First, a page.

Audio Recording and Speech Detection Experiments with OpenSIPS


What are our users really talking about all the time? Let’s find out!

RTPEngine is a proxy for RTP traffic and other UDP based media for VoIP and webRTC., meant to be used in OpenSIPS and other proxies as a drop-in replacement for rtpproxy with many advanced features, including:

  • webRTC support as ICE and SRTP
  • Bridging between IPv4 and IPv6 user agents
  • RTP/RTCP statistics reporting
  • In-kernel packet forwarding for low-latency and low-CPU performance

When used in combination with the OpenSIPS rtpengine module several additional features are provided, such as SDP parsing and rewriting, ICE support, SRTP support, HEP support to report RTP/RTCP statistics and RTP Call Recording.

Today’s Dish is about Recording of RTP Media Streams using OpenSIPS 2.x and extracting the call media for post processing, such as Speech-to-Text conversion.



WARNING: This demo is NOT suitable for mass production as-is, and only demonstrates a feature!

Demo Requirements:

  • OpenSIPS 2.x + rtpengine module
  • RTP:Engine 6.x + recording daemon
  • RTPEngine-Speech2Text nodejs demo w/ Bing Speech API

OpenSIPS Setup

OpenSIPS 2.2-2.3 should be installed according to the official documentation before attempting to run this demo configuration.

A fully blown working OpenSIPS + RTPEngine configuration is available as reference.

OpenSIPS Modules

The rtpengine module should be loaded and configured in our configuration:

#### RTPengine protocol
loadmodule ""
modparam("rtpengine", "rtpengine_sock", "udp:")

OpenSIPS Route

Call Recording for specific sessions can be selectively triggered by using the dedicated rtpengine_start_recording()  function within the selected route:

route[record] {
   if (!is_method("INVITE") || !has_body("application/sdp")) return;


RTPEngine Setup

RTPEngine and its kernel modules should be installed by following the official instructions for the target system before attempting to run this demo configuration.

First and foremost, do make sure the xt_RTPENGINE kernel module is installed and loaded – without this module, the recording features will fail to initialize:

depmod -a
modprobe xt_RTPENGINE
lsmod | grep RTPENGINE

Next, create a dedicated writable folder required to store the recorded files:

mkdir /recording

In order for the recording component to engage with the RTPEngine kernel table, the following configuration should be placed in /etc/rtpengine/rtpengine-recording.conf

table = 0
output-format = wav
resample-to = 16000
mp3-bitrate = 44100
output-mixed = 1
log-level = 1
spool-dir = /recording
output-dir = /recording

We’re almost there – The next step is launching our daemons in tandem:

# Starting RTPEngine process w/ Kernel Table 0
rtpengine -p /var/run/ --interface=! -n -c -m 20000 -M 30000 -E -L 7 \
 --recording-method=proc \
 --recording-dir=/recording \

# Starting RTPEngine Recording process w/ Kernel Table 0
rtpengine-recording --config-file=/etc/rtpengine/rtpengine-recording.conf

If setup was successful, a new node will appear in /proc/rtpengine/0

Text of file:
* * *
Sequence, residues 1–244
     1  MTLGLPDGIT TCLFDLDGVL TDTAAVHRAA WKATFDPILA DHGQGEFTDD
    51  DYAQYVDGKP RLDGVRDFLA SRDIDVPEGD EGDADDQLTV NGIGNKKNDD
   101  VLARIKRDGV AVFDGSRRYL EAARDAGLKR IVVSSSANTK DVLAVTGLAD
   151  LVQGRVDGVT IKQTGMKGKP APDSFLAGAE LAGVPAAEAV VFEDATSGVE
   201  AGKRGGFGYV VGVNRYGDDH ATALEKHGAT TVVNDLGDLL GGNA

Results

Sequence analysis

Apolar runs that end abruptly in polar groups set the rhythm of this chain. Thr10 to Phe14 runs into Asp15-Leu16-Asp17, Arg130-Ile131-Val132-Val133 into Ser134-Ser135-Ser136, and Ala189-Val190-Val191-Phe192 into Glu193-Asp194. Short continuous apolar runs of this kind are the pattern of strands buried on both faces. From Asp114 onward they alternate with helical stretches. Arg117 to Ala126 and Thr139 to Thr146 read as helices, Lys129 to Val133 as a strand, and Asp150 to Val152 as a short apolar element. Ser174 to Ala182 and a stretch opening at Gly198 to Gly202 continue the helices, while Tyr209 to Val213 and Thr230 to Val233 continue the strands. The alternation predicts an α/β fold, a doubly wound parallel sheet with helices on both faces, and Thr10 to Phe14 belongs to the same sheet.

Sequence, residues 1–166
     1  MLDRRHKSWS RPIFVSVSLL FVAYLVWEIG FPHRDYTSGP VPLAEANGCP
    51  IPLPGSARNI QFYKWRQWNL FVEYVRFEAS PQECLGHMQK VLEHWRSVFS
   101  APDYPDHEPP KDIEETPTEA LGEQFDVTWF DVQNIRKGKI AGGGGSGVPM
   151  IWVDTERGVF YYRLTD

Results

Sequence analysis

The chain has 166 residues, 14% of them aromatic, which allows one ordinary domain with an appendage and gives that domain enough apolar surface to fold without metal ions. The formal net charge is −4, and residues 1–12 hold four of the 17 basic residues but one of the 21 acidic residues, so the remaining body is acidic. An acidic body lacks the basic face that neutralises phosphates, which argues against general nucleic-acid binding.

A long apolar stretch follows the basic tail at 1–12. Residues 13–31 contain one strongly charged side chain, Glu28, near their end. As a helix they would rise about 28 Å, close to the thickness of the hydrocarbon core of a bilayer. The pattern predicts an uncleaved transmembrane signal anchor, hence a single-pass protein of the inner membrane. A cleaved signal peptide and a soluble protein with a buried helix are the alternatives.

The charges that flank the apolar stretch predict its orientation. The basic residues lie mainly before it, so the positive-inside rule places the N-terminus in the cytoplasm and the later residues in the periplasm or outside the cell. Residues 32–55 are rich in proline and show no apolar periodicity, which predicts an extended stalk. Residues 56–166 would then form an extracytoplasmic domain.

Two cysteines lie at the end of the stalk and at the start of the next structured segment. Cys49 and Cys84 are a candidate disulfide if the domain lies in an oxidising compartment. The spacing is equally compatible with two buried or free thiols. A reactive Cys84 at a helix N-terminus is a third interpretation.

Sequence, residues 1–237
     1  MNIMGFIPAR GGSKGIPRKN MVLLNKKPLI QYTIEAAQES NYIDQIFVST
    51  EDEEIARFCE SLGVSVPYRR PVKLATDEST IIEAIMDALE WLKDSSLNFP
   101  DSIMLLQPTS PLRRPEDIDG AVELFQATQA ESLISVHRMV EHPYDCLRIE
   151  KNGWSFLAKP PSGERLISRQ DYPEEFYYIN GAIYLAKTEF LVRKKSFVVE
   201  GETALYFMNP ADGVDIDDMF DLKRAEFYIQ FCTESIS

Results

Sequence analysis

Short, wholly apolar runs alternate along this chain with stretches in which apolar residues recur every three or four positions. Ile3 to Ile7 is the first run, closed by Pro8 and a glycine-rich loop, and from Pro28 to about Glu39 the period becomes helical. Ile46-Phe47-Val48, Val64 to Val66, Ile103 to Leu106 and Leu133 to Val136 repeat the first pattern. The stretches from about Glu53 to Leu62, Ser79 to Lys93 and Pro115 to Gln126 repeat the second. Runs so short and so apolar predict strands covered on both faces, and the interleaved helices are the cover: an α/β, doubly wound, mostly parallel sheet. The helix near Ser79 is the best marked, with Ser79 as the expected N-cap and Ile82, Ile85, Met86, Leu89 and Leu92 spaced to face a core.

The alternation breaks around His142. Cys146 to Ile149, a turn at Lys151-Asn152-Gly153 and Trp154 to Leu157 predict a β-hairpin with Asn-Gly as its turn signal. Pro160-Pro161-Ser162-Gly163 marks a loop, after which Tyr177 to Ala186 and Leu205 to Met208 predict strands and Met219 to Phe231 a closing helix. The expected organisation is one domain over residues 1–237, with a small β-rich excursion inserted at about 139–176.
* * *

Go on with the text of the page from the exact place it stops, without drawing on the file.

Let’s Register a device and make a test call – “hello, hello, test one, two, three, goodbye!”

A Decoded WAV Recordings for the completed call should be stored in /recording




This last bonus section will do some magic and leverage the RTPEngine recording functionality to attempt Speech-to-Text transcription of call audio, shipping any result as HEP Logs to a collector for later retrieval and correlation for fun and profit.


  • A working HOMER or HEPIC setup.
  • A Free API key for the Bing Speech API will be required before proceeding!

In order to complete our demo, we’ll install our nodejs sample application using npm:

git clone
cd RTPEngine-Speech2Text
npm install
  • Fill in the BING API KEY and HEP Server details in config.js

Time to start our demo application:

nodejs speech2hep.js

Next, perform a short duration call – if possible, with two different speakers – and hangup.

As soon as RTP:Engine detects a Call termination, the .meta file will be removed and the Speech-to-Text conversion spooling process will be triggered automatically:

File /recording/6f9db20deb1a9871-ce2fa1345463393b-mix.wav has been added
File /recording/6f9db20deb1a9871-ce2fa1345463393b.meta has been removed
Meta Hit! Seeking Audio at: /recording/6f9db20deb1a9871-ce2fa1345463393b-mix.wav
Bing service started
Response { RecognitionStatus: 'Success',
 DisplayText: 'Hello' }
Sending HEP...
Response { RecognitionStatus: 'Success',
 DisplayText: 'Hey how are you' }
Sending HEP...

That’s all – If you correctly configured your HEP Settings, the same log should appear in correlation with the originating SIP session the media was attached to. Just like Magic!


Enjoyed this Post? Please consider joining us and many others at the OpenSIPS Summit in Amsterdam to discuss, invent and learn!


NOTE: OpenSIPS and QXIP/SIPCAPTURE are strong supporters of communication privacy and do not endorse any mass interception techniques using our software, or other tools. The techniques described in this article are generic and for educational purposes only.


Leave a Reply

Fill in your details below or click an icon to log in: Logo

You are commenting using your account. Log Out / Change )

Twitter picture

You are commenting using your Twitter account. Log Out / Change )

Facebook photo

You are commenting using your Facebook account. Log Out / Change )

Google+ photo

You are commenting using your Google+ account. Log Out / Change )

Connecting to %s